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Research Tips: Footnotes & Parenthetical Citation


Footnotes


These are examples of different footnotes, as if they were in sequential order. The blue text afterward explains the rationale for that formatting - take note!

1a. Ji-li Jiang, Red Scarf Girl: A Memoir of the Cultural Revolution, foreword by David Henry Hwang (New York: HarperCollins, 1997), 21.

Note: First time a source is cited. All information is required, unless you follow the instructions in (4) below.

1b. Peasant Ho as quoted in Ji-li Jiang, Red Scarf Girl: A Memoir of the Cultural Revolution, foreword by David Henry Hwang (New York: HarperCollins, 1997), 21.

Note: Example represents how to refer to a quotation lifted from a book or article.

2. Ibid., 35. See also Tariq Ali and Susan Watkins, 1968: Marching in the Streets (New York: Free Press, 1998), 56. The graphic image used in Ali and Watkins' study is especially illustrative of the process described by Jiang.

Note: When a source is immediately repeated, you may use "IBID." If you do not use IBID., skip to (4) below. Please note that IBID. always takes a period. Footnotes also may be used to expand on ideas and to direct readers to sources not necessarily cited in the text, as in this case.

3a. Bertram Gordon, "The Eyes of the Marcher: Paris, May 1968 -- Theory and Its Consequences," in Gerard J. DeGroot, ed., Student Protest: The Sixties and After (London: Addison Wesley Longman, 1998), 39-53.

Note: This is the format for a chapter located in a collection of essays. Since this is the first time the sources is cited, full information is given.

3b. Joann Dimwit, "Raising the Flag," Journal of Inconsequential Studies, 29 (1972), 25.

Note: This citation shows how to refer to an article in a scholarly journal.

4a. Jiang, 57. If you give a complete citation in your bibliography, you may use the short version in your text.

Note: Whenever a source is used again (but not immediately following an earlier citation), you must cite the last name of the author followed by the page number.

4b. Jiang, Red Scarf Girl, 57. Include a shortened title if you use two sources by the same author.

5. JoAnne Fisher, "The Chinese Cultural Revolution," New York Times Magazine, June 1968, 53-72; "Will Mao Stop?," Time, 27 May 1968, 5.

Note: These are the proper formats for newspapers and magazine articles.

6. Lecture notes from presentation by Prof. Eric Zolov, 20 January, 2000. Franklin & Marshall College.

Note: This is the format for class notes or other public presentations.

7. Quoted from the video, The Legacy of Mao (Boston: WGBH Productions, 1997). See also the Hollywood production dealing with Vietnam, Full Metal Jacket (Dir. Oliver Stone, 1987).

Note: This is the format for video and films.

8. Harvey Wallbanger (Prof. of History, Franklin & Marshall College), interview by author, tape recording [or notes from conversation"], Lancaster, PA, 15 March 2000.

Note: This is the format for oral interviews.




Parenthetical Citation


References in the text must clearly point to specific sources in the list of works cited. The information in your parenthetical references in the text must match the corresponding information in the entries in your lists of works cited. To avoid interrupting the flow of your writing, place the parenthetical reference where a pause would naturally occur (preferably at the end of a sentence), as near as possible to the material documented.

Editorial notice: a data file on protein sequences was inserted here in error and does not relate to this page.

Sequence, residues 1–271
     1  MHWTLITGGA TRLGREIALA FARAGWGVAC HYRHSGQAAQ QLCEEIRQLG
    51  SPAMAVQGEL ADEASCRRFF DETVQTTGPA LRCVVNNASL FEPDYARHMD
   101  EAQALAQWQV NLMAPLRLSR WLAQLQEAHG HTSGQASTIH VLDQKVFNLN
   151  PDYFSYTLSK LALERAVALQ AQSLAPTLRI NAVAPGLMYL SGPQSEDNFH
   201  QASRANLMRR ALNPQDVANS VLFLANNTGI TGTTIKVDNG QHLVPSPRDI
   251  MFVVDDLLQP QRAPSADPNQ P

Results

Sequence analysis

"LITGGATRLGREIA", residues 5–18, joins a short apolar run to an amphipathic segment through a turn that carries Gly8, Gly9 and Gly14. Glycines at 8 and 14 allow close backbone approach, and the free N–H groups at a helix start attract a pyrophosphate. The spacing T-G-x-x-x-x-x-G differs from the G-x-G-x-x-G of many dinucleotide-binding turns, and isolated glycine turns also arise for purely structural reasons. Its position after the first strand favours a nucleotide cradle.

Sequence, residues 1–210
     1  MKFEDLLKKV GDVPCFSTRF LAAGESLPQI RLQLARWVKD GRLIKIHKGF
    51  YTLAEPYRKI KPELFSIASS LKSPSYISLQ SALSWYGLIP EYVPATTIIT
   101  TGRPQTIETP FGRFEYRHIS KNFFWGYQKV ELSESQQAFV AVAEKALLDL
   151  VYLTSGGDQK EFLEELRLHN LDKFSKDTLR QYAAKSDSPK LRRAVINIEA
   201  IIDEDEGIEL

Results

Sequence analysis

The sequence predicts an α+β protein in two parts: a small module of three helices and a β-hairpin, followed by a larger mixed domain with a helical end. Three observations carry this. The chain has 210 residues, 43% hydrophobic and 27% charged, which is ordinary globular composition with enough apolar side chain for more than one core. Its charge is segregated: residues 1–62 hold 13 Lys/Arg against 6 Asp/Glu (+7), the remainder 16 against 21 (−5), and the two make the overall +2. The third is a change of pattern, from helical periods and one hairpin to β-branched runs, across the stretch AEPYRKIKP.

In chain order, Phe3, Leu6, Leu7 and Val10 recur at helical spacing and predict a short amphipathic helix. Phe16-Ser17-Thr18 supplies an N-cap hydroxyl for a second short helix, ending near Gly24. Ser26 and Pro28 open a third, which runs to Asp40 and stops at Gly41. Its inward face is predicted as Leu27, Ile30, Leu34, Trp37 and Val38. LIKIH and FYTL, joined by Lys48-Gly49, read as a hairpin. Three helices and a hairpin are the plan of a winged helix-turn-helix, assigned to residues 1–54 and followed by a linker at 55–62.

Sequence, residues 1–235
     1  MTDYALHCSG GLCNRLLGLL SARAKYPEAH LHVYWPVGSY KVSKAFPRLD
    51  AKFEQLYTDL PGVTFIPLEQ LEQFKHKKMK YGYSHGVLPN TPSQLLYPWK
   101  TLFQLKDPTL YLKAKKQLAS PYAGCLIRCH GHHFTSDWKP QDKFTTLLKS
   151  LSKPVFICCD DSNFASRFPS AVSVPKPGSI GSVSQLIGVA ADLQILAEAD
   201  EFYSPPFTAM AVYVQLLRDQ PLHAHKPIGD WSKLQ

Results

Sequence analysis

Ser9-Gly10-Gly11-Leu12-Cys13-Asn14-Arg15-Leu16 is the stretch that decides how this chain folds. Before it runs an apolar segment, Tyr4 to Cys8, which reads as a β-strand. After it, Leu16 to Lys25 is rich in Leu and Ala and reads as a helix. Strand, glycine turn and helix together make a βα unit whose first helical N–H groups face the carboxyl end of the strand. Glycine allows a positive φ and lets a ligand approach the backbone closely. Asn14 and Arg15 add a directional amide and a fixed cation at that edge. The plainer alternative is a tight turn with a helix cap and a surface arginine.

Author's name in text


MLA style

Tannen has argued this point (178-85).
You only need to indicate page numbers, since the author's name appears in the text.

APA style

Tannen (1994) has argued this point.
Date of publication is placed after author's name.

Chicago style

Tannen (1994) has argued this point.
Date of publication is placed after author's name.


Author's name in list of works cited


MLA style

This point has already been argued (Tannen 178-85).
Author's name and page numbers are placed at the end of the attributed text.

APA style

This point has already been argued (Tannen, 1994).
Author's name and publication date (separated by a comma) are placed at the end of the attributed text. Omit year from subsequent citations after first citation within paragraph.

Chicago style

This point has already been argued (Tannen 1994).
Author's name and publication date are placed at the end of the attributed text.


Multiple authors' names in text


MLA style

Others, like Jakobson and Waugh (210-15), hold the opposite point of view.

APA style

Others, like Jakobson and Waugh (1978), hold the opposite point of view.


Multiple authors' names in list of works cited


MLA style

Others hold the opposite point of view (e.g., Jakobson and Waugh 210-15).

APA style

Others hold the opposite point of view (Jakobson & Waugh, 1978).

Chicago style

Others hold the opposite point of view (Jakobson and Waugh 1978).


Citing two or more works by the same author or authors


MLA style

Shakespeare's King Lear has been called a "comedy of the grotesque" (Frye, Anatomy 237).
The book title (underlined) or journal article (in quotes) is provided. If there is no author, then only the book title or journal article would appear.

APA style

Shakespeare's King Lear has been called a "comedy of the grotesque" (Frye, 1982, p. 237).
Include page numbers if only specific parts of a publication are used. If there is no author, then only the book title or journal article would appear, example, (Anatomy, 237)
 

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